MacLeod:  Over just a period of, you know, time. So, you didnít, you didnít take that out of your bank in one large, in one single sum. It wasnít one withdrawal, is that what youíre saying?


Smith:  I would say itís not one withdrawal, no


MacLeod:  Well you are lying.


Beels:  How many?


MacLeod:  You are lying. Youíre lying through your teeth, because the bank notes were serial. The serial numbers Ö


Beels:  The serial numbers are sequential.


Smith:  Well I donít think theyíll all be sequential.


MacLeod:  Well, Iím telling you they were. So how do you account for that?


Smith:  I canít account for that.


MacLeod:  I think youíd better start thinking how you can account for that.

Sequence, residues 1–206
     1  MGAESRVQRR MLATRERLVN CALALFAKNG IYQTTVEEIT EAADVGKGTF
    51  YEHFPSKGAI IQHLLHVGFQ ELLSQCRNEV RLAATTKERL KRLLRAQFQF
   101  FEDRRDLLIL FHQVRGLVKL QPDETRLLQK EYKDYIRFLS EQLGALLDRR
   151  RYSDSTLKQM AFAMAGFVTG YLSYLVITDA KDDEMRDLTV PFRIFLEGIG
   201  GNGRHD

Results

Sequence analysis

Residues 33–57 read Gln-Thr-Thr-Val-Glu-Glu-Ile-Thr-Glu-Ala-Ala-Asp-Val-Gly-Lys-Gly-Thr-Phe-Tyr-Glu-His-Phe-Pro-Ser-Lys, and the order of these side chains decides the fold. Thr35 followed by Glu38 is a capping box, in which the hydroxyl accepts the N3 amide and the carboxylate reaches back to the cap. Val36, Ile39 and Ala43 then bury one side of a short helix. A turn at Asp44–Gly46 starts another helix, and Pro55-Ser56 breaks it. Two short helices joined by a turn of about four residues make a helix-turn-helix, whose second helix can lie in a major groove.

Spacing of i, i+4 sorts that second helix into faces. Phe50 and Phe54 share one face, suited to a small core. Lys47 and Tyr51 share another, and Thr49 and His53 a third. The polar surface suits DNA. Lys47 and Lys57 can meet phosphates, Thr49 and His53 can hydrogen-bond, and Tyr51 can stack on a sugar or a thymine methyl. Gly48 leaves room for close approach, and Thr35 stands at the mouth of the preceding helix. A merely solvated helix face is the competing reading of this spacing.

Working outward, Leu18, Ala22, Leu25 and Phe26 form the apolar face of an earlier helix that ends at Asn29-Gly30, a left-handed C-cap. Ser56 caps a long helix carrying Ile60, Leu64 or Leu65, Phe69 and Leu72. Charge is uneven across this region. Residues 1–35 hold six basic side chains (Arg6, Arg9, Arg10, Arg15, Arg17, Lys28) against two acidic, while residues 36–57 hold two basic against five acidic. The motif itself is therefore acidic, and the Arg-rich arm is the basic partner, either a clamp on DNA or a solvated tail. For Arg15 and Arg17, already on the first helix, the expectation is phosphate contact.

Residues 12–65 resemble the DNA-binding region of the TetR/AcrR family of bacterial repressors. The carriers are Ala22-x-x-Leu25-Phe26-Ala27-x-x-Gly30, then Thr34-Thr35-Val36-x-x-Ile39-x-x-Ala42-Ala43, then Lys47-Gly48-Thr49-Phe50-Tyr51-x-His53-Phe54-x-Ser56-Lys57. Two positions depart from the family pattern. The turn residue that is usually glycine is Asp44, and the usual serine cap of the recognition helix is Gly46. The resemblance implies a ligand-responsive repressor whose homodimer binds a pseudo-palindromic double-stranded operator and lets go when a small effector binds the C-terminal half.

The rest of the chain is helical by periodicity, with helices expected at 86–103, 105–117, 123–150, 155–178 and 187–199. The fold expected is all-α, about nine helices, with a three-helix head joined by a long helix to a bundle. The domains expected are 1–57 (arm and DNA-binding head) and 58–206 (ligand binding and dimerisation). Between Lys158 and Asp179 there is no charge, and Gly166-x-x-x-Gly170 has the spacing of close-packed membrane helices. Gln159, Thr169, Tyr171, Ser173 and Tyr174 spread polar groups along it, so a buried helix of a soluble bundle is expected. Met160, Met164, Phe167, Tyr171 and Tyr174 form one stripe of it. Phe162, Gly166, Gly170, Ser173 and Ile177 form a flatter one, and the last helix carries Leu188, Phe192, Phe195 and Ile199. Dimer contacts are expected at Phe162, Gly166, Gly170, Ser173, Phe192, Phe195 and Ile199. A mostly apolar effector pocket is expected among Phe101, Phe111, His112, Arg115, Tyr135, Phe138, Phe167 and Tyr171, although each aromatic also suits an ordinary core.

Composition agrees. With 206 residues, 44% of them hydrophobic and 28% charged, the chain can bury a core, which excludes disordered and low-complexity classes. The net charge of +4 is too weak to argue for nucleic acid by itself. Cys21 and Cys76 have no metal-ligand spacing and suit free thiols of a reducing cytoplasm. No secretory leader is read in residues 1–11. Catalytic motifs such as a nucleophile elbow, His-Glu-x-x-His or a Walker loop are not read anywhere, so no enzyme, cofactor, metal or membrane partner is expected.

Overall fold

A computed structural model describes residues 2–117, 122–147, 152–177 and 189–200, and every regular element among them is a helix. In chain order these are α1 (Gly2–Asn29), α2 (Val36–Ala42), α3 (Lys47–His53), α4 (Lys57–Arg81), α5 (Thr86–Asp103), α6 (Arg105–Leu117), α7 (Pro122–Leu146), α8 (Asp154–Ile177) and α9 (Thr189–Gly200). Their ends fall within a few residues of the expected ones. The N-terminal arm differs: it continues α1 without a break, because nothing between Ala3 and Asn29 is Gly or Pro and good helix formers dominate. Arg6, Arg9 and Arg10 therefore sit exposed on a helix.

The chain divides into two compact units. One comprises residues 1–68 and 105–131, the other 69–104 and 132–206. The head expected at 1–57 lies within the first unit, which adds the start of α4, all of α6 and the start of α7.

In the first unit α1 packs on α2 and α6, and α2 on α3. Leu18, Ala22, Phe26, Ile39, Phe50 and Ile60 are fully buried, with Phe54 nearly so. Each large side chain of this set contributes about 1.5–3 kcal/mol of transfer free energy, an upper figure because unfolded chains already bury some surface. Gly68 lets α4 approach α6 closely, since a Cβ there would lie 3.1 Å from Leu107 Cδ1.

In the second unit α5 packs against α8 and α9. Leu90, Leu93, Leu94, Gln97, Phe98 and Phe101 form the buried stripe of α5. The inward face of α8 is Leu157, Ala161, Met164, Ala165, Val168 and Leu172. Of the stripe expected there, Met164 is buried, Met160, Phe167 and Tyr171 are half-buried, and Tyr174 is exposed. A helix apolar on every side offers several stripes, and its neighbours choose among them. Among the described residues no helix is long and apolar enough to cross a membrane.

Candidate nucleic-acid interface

Beels:  Youíve just said itís an accumulation.


MacLeod:  Youíre lying.


Beels:  Over a period of time, and yet these bank notes run in sequence, and 2 separate amounts in sequence.


Smith:  I canít account for that, Iím sorry.


MacLeod:  Well, we will be able to account for it, because we should be able to find out when and where that money was withdrawn, and we will see what you have to say about that. Why are you lying about it?


Smith:  Iím not lying about it.


MacLeod:  Youíre sitting there. You told me, to begin with, that you, it was money that you had accumulated and, you wouldnít commit yourself as to how long it took you to put that together.


Smith:  I did not say that.


MacLeod:  You said it was, you said it wasnít a single withdrawal from the bank, and then, when faced with this incontrovertible evidence where the serial numbers were sequential, £2,000 in £50 notes, and youíre telling me, you, you donít understand how thatís happened. Iíll tell you how itís happened, because that was a lump sum payment,